Russia and Turkey have tentatively agreed to a two-stage deal to end the fighting in Nagorno-Karabakh, a move that comes as Azerbaijan makes decisive gains on Armenia in the contested enclave.
The deal, which reportedly will require Armenia to cede a large chunk of the enclave’s territory and deploy a Turkish and Russian peacekeeping mission in the area, comes on the heels of Azerbaijan’s announced capture of the strategic town of Shusha, situated at the end of the strategic Lachin corridor and the last defensible city in the Armenia-controlled enclave. As of Monday, Armenia had denied that Shusha had fallen.
Should Shushi fall, Stepanakert – the capital city of the so-called Artsakh Republic – is surrounded and cut off from Armenia. If the fighting continues, Artsakh would almost inevitably be taken and result in many more deaths. Already, thousands have been killed.
The proposed deal, attributed in reports to “Turkish sources”, does not address fully what the future holds for Nagorno-Karabakh. What is clear is that it would immediately award Azerbaijan with a number of areas it has already captured.
The most important are areas occupied by Armenia but that are not part of Nagorno-Karabakh, including areas along the Iranian border. A corridor would also be opened through Armenian territory to the isolated Azerbaijani enclave of Nakhchivan. A second not-yet-specified corridor would give Armenia access to Nagorno-Karabakh.
Other territorial areas in Nagorno-Karabakh would also later pass to Azerbaijan, but information on which areas and how the exchange will take place is not known.
A peacekeeping force made up of Russian and Turkish troops would secure the deal. The agreement is claimed to have been put together personally by Russian President Vladimir Putin and Turkish President Recep Tayyip Erdogan.
It is presumed that under the deal the Arsakh Republic will cease to exist. The Republic, a creature of Armenia, never received international support. In fact, the United Nations steadfastly held that Nagorno-Karabakh was legally Azerbaijani territory.
There is no information as yet on the disposition of refugees from the fighting or the settlement of claims of refugees from the 1991-1992 fighting, most of whom are Azerbaijani. Nor is there any information yet that Armenia has accepted the deal or even if the Armenian government will support it in the future.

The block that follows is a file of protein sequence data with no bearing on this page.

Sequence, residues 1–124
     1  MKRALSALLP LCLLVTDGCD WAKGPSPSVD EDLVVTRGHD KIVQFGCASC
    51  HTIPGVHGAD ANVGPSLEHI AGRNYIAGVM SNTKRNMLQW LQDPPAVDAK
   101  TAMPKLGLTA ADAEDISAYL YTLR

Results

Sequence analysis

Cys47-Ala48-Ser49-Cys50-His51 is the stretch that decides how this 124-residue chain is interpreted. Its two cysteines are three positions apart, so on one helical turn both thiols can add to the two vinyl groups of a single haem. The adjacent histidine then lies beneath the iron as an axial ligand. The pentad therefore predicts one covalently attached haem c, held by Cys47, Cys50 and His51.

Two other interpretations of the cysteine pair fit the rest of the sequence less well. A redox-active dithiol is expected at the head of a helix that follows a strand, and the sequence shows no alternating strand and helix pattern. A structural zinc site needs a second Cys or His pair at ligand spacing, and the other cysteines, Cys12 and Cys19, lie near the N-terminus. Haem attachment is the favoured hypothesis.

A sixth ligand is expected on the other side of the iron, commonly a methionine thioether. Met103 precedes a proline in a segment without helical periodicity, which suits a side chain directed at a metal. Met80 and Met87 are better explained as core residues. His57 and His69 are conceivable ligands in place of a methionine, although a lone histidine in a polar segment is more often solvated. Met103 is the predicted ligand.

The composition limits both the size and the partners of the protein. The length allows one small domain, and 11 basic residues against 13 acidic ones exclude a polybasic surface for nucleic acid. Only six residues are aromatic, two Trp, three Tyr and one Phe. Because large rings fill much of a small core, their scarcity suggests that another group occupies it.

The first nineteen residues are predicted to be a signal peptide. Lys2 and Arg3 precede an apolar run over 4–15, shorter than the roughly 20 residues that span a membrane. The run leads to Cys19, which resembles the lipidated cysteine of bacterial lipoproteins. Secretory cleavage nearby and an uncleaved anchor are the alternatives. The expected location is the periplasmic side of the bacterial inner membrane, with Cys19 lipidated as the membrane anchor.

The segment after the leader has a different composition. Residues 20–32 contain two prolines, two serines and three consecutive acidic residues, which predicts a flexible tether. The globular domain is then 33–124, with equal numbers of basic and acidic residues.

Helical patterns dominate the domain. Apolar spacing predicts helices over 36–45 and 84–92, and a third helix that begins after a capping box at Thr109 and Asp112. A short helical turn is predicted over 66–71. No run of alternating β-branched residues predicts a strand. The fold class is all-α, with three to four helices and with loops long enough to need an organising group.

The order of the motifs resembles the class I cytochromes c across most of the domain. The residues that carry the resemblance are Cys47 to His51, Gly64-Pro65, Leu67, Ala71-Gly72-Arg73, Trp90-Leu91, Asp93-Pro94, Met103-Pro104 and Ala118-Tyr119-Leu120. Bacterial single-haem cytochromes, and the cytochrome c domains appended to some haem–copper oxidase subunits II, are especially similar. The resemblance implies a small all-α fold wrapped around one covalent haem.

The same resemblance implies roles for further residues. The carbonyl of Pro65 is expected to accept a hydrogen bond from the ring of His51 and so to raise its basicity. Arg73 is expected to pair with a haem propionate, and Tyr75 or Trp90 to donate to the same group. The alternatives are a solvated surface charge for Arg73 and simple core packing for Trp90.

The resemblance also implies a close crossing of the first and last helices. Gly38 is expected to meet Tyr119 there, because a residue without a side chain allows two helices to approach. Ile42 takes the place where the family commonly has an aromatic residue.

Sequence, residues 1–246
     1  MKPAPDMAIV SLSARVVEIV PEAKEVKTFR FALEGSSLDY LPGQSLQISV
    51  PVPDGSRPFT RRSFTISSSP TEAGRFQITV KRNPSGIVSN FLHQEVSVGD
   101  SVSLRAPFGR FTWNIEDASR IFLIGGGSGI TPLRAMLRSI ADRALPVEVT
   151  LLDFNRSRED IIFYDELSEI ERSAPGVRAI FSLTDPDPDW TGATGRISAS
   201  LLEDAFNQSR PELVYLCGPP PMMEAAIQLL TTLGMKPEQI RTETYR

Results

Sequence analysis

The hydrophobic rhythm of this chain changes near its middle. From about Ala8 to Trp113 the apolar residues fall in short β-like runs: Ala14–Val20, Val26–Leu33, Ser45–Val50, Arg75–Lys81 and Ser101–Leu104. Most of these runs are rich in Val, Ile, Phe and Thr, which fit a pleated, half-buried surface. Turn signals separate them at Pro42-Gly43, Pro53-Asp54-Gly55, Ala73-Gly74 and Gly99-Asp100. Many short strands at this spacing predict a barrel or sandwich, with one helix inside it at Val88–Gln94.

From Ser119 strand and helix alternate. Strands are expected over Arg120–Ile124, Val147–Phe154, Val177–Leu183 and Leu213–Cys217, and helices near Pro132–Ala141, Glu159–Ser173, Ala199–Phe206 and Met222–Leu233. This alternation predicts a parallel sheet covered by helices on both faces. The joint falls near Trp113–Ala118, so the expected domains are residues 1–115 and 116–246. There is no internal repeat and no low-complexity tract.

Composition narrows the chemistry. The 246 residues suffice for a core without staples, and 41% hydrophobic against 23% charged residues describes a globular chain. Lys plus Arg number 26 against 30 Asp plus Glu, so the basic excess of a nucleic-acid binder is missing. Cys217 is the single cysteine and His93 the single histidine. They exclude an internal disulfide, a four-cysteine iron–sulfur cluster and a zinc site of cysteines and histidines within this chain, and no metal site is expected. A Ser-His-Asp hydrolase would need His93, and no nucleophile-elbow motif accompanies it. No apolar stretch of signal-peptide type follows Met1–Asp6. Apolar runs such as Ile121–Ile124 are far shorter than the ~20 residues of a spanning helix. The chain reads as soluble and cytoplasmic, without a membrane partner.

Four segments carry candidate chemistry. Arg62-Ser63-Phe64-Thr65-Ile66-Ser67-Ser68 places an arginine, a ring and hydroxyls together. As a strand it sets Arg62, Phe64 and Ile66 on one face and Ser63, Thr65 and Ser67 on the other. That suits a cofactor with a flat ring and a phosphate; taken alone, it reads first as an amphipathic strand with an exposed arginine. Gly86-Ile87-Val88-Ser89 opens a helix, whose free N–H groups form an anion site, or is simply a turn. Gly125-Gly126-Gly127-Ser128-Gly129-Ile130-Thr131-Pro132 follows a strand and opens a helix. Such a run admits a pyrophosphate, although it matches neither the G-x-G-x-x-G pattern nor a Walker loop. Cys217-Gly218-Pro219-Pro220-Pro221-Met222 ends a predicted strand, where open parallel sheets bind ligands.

The refugee problem is a big stumbling block on both sides. The current war has seen thousands of Armenians living in Nagorno-Karabakh evacuated to Armenia. It’s unclear if they will be permitted to return once the peacekeeping force is in place.
Similarly, no one knows whether the Azerbaijani refugees, many living in poor conditions inside Azerbaijan, will be able to return to their homes.
Nor is there any word yet on how any of this will be financed or whether any reparations will be paid by either side. Russia has made clear, as recently as last week, that it did not support Armenian claims to Nagorno-Karabakh. Putin did signal he would support a compromise.
Turkey’s entry into the conflict is a new factor and makes it a significant player equal to Russia in the region. The other players – part of the Minsk group – are the US and France. Neither seems to have been involved in the deal, but it is reported that President Putin telephoned France’s President Emmanuel Macron.
It can be presumed Putin may also have called US President Donald Trump. Turkey is not part of the Minsk Group.
If Putin and Erdogan made a deal as reported, there are still tensions between the two that have to be sorted. The most significant is the presence of Syrian radical Islamic fighters imported into Azerbaijan for the Nagorno-Karabakh battle.
Both Putin and Russia’s Foreign Minister Sergey Lavrov have warned about the presence of the Syrian radicals and made clear they want them out.
Russia also has a black eye because its modern equipment, especially it’s air defense systems situated at bases in Armenia, failed to stop Azerbaijan’s drone assault. Many of Russia’s air defenses were knocked out, including its S-300, by both Turkish Baraktar drones and Israeli Harop suicide loitering munitions.
Armenia lost a large number of tanks, rocket launchers, artillery and troop transports. A new weapon, the Israeli LORA, a highly accurate medium-range missile, was able to knock out a key bridge that denied access to Armenian forces trying to support Shusha.
At least three Su-25s were downed by Azerbaijan in the fighting, one of them by a Turkish F-16. How the two others were knocked out is not clear, but it is notable that Azerbaijan has the Israeli “Iron Dome” air defense system.
No one knows if the Armenian government itself can survive with its forces defeated on the battlefield and forced to swallow a deal it said it would never accept. The potential rise of an irredentist regime in Armenia could undermine any deal and threaten long-term peace in the region.
Armenia has been looking for allies elsewhere, but the only one it appears to have found so far and only in a preliminary way is Iran. What the Iranians may or may not do in the future is not clear.
It should also be kept in mind that this deal may fail very quickly if the Armenian government backs out. The next few days will tell whether the proposed Russia-Turkey deal will work. Even if it does, the issues of territories, boundaries, refugees, reparations and the legal status of properties will need to be painstakingly negotiated.